When Seconds Count…


During a fire or medical emergency the information you provide to the 9-1-1 operator is vital to saving lives

  • The very first piece of information you need to provide is the location of the emergency. Even with the enhanced 9-1-1 service, it is important to verify the location with the operator so that help is sent to the correct location. At least if the only information you can provide is the location, help can still be sent to the scene of the emergency.

  • The next important piece of information is the type of emergency. Is it a fire or medical emergency?
  • Then you need to give as much of a description of the emergency as you possibly can. Is it a structure fire, a brush fire, a car fire? Tell the operator as clear of a description as possible
  • If it is a medical emergency, tell the operator what is wrong with the patient, to the best of your ability. In addition to the patient’s condition, you need to provide the operator with the patient’s gender and age. This information can be extremely important to the responding personnel.
  • You also need to provide the phone number you are calling from in case the operator needs additional information. The most important thing to remember after calling 9-1-1 is: DO NOT hang up until the operator gives you permission. This allows you to continue to give updates on the emergency to the operator who can pass that information on to the responding personnel.
  • The last point to make is-once you hang up with the operator PLEASE do not use that same phone line to call anyone else until the fire-rescue personnel arrive at your location. The personnel might require additional assistance in finding the exact location of the emergency, especially in our rural areas, and the 9-1-1 operator needs to have the ability to call you back. If possible, send someone to the roadway to flag down the arriving personnel. If you follow these points it will reduce wasted manpower, wasted resources, and dangerous road situations.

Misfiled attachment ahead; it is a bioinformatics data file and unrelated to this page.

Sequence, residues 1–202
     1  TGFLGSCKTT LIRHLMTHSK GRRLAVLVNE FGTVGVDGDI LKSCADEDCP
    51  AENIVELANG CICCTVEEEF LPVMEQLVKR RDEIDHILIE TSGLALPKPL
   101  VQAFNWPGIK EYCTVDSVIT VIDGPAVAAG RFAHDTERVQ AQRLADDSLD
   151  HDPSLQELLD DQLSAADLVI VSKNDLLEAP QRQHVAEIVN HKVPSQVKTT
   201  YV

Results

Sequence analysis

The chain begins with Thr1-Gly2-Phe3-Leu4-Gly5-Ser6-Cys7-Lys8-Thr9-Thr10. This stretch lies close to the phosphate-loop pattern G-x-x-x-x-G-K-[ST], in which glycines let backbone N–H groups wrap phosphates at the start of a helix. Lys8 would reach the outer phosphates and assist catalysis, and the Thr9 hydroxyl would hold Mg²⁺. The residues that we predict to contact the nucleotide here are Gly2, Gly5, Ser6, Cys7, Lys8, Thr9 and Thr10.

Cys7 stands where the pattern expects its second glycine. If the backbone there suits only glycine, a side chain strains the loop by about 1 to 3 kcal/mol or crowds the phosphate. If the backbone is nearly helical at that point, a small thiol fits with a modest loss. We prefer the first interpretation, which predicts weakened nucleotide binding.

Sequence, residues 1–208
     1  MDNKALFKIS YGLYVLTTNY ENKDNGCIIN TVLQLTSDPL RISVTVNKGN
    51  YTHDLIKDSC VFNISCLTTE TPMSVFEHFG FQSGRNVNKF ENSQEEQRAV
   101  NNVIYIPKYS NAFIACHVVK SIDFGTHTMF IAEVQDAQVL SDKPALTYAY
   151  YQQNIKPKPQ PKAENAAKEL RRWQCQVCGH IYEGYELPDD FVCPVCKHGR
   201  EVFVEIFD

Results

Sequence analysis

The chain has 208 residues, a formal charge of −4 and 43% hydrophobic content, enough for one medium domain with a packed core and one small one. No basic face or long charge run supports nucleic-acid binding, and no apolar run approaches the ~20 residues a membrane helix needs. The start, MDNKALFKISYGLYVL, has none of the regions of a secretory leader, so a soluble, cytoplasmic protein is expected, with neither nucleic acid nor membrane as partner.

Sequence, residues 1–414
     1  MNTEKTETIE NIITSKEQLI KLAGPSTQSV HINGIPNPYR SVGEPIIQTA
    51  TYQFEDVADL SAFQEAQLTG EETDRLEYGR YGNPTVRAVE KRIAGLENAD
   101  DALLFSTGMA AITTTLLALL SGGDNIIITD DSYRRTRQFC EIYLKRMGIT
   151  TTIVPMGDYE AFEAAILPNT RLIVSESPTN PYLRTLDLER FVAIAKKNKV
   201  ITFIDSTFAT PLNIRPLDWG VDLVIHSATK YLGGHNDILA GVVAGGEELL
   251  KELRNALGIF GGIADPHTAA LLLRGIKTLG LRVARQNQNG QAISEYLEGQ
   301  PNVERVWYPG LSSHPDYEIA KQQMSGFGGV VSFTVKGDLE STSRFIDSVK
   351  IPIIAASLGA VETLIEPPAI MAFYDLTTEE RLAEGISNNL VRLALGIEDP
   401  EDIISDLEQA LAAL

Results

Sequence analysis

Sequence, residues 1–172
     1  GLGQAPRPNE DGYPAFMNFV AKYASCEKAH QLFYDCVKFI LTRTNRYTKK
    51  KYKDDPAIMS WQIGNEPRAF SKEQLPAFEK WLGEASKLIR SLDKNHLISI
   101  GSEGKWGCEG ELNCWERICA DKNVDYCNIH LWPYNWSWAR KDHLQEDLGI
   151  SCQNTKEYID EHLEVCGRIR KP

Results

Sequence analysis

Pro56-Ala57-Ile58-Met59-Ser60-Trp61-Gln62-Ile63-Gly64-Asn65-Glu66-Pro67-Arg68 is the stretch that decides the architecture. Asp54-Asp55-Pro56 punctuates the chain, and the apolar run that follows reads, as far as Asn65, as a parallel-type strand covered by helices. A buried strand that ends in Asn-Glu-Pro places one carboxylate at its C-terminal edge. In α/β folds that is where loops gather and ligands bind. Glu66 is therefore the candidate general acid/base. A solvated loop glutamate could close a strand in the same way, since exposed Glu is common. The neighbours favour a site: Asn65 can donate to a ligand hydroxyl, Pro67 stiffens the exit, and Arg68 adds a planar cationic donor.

• Western Nassau County is covered by certified personnel from four professional fire stations:Station 40 in the Town of Hilliard, Station 50 in the Town of Callahan, Station 60 located in Bryceville, and Station 90 located on River Road. In addition to the certified firefighters and emergency medical technicians from the professional stations, Western Nassau County is serviced by certified members from six active volunteer fire departments. They are:
    • Station 4 located in the Town of Hilliard
    • Station 5 located in the Town of Callahan
    • Station 8 located on Lem Turner Road
    • Station 9 located on River Road
    • Station 10 located on Ratliff Road
    • Station 11 located in Nassau Oaks
  • All of the above personnel are ready to assist you in your time of need. These personnel are precious assets; let’s conserve their resources and manpower by following the above tips.

Submitted by Rachel Benoit-Public information Officer
December 12, 2011


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